We trapped a total of 6980 spiders (5066 adults, 1914 immatures and juveniles) from moist acidic tussock tundra and dry heath tundra from June to August during 2004–2006. Families and species identified are shown in Table 2. We captured 3404 adult spiders in the MAT (67.2% of the total) and 1662 adult spiders (32.8% of the total) in the DH. Analyses of the species list using Chi Square and Fisher's Exact tests indicates that, overall, there are significant differences between the spider families found in the MAT and DH Tundra (Chi Square p < 0.001; Fisher's Exact test p = 0.0018). The relative abundance (proportions) of Araneidae, Clubionidae, Lycosidae, Linyphiidae, Theridiidae, and Thomisidae within the spider communities differed significantly between the MAT and DH Tundra (Table 3). Araneidae, Clubionidae, Lycosidae, and Theridiidae are significantly more abundant in MAT, whereas Linyphiidae and Thomisidae are significantly more abundant in DH Tundra. The proportions of the families Dictynidae, Gnaphosidae, Philodromidae, and Salticidae did not differ significantly between the MAT and DH Tundra.
List of spider species found in Moist Acidic Tundra (MAT) and Dry Heath (DH) Tundra at Toolik Lake LTER, Alaska, from 2004 to 2006. We captured 51 morphospecies, of which 45 were identified to the species level. Note that an immature spider from the family Tetragnathidae and one from the superfamily Amaurobioidea are not included in this table. Furthermore, immature and juvenile spiders are not included in this table. Bold numbers indicate a cumulative total at the family level and across both sites.
Total abundances as a percentage of total ground spiders collected per family from 2004 to 2006 in Moist Acidic Tundra (MAT) and Dry Heath (DH) Tundra at Toolik Lake, Alaska, for Whole Site (MAT + DH), MAT only, DH only.
RANGE EXTENSIONS AND STATE RECORDS
We present eight new state records and five extensions of previously reported species ranges (not implying any movement due to climate change), representing 25.5% of the total species captured. Agyneta pseudosaxatilis Tanasevitch 1984 has only been described in the Old World in Kazakhstan (Marusik et al., 2000) and is represented here, for the first time, as occurring in the Nearctic (Table 4). The following species are new state records for Alaska: Emblyna borealis (O.P.-Cambridge 1877), Horcotes strandi (Sytschevskaja 1935), Mecynargus monticola (Holm 1943), Mecynargus tungusicus (Eskov 1981), Metopobactrus prominulus (O.P.-Cambridge 1872), Poeciloneta theridiformis Emerton 1911, and Poeciloneta vakkhanka (Tanasevitch 1989). Interestingly, while the previously listed spider species have not been found in Alaska, they have been found across Canada, Greenland, and into the Palearctic zone (e.g., Finland, Siberia, etc.). Thus, these records represent westward extensions of known occurrences. The following five species have been reported previously in Alaska, but not in the North Slope, and so are northern extensions of known occurrences: Hypsosinga groenlandica Simon 1889, Gnaphosa borea Kulczyn'ski 1908, Gnaphosa microps Holm 1939, Haplodrassus hiemalis (Emerton 1909), and Islandiana cristata Eskov, 1987. Of the records described here, spiders belonging to the family Linyphiidae made up 61.5% of the total, followed by Gnaphosidae (23.1%), Dictynidae (7.7%), and Araneidae (7.7%).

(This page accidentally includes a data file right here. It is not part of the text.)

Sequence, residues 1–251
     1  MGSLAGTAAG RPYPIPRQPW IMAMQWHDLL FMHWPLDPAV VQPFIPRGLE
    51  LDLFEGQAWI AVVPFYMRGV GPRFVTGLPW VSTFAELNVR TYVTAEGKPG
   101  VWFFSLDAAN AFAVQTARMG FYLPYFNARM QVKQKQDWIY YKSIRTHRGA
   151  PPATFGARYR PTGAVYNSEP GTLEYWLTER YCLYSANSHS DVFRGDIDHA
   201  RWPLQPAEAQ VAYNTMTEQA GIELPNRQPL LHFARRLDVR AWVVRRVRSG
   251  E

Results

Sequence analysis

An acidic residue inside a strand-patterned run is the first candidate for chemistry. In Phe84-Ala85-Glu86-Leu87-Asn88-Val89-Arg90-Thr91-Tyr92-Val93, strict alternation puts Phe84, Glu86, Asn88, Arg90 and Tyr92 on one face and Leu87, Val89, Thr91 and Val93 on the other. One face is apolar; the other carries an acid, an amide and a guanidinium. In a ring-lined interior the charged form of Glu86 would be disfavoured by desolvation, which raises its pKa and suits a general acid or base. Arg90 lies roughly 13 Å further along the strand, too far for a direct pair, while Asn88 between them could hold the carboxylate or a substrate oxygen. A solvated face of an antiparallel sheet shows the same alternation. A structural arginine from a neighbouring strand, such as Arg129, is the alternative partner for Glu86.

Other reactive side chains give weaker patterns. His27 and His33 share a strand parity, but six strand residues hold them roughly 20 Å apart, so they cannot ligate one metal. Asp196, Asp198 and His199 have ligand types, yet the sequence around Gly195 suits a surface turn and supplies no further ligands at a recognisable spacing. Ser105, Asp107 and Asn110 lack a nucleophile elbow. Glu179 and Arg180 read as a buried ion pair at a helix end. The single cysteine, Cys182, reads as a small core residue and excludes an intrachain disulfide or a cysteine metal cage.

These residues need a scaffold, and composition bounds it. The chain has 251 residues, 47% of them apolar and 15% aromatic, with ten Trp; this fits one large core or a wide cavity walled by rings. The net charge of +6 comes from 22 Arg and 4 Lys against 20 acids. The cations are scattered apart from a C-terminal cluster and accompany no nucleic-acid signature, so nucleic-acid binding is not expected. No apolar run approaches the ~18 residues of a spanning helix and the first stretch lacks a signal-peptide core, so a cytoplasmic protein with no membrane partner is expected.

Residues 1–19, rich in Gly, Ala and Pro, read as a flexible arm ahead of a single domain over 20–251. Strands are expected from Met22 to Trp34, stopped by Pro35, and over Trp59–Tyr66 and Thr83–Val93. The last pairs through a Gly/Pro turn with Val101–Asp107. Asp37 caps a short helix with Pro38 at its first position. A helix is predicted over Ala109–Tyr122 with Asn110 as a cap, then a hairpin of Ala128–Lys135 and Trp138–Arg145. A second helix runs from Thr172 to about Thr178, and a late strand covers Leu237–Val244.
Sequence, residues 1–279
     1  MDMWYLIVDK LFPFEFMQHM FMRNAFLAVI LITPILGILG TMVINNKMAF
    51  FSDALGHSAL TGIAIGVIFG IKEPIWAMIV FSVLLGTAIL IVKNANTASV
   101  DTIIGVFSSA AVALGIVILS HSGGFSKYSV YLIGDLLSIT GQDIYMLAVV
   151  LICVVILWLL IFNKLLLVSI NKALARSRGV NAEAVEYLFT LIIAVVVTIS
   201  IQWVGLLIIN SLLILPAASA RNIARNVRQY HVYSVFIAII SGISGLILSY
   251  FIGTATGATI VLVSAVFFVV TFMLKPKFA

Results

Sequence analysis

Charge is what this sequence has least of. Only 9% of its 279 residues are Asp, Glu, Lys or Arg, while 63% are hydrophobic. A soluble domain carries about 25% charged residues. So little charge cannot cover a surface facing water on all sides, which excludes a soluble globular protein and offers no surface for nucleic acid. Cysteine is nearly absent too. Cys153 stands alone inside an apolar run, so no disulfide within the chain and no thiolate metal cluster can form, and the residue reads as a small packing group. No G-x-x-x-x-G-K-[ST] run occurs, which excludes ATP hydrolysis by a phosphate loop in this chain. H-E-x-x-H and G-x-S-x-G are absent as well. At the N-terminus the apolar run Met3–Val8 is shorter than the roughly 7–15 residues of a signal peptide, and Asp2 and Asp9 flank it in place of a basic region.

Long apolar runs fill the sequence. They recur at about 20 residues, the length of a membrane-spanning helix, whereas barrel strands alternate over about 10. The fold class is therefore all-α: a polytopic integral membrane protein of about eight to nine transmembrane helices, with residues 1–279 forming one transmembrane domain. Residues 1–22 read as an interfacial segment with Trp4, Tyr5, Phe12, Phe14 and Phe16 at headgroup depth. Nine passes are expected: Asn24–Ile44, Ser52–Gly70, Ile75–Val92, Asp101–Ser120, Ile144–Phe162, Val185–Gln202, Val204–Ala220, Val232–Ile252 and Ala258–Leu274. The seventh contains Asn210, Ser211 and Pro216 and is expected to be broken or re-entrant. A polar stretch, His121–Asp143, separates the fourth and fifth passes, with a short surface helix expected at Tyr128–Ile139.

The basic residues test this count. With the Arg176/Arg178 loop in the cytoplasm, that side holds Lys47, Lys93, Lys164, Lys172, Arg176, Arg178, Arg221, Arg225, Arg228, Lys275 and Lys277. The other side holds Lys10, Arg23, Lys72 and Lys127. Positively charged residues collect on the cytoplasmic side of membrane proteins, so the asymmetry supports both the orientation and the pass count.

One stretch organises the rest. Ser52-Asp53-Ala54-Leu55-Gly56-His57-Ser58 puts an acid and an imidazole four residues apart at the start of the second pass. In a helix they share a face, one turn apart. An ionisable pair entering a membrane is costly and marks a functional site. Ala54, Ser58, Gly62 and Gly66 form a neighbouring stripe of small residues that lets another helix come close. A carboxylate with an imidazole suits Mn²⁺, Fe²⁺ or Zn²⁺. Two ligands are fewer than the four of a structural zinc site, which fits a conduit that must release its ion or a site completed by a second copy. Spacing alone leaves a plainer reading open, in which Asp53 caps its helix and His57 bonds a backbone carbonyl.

Reported range extensions and Alaska state records for species collected at Toolik Lake, Alaska. Abbreviations used to indicate range change are NE (new to the Nearctic Region), AK (new to the state of Alaska but it has been found elsewhere in the Nearctic), and N (species has been found in southern portions of Alaska).
FAMILY AND SPECIES RICHNESS, EVENNESS, AND DIVERSITY
We captured 51 putative species, of which 45 were identified to the species level. Six species, belonging to Linyphiidae and Theridiidae, did not match published descriptions and may represent species that are undescribed. We feel that these unconfirmed species are important to include in our richness, evenness, diversity, and similarity calculations because it reflects the actual richness of our samples more accurately than if we only included taxonomically well-known species. These undescribed species should be noted to show the extent of how poorly known spider diversity is in the Toolik Lake region.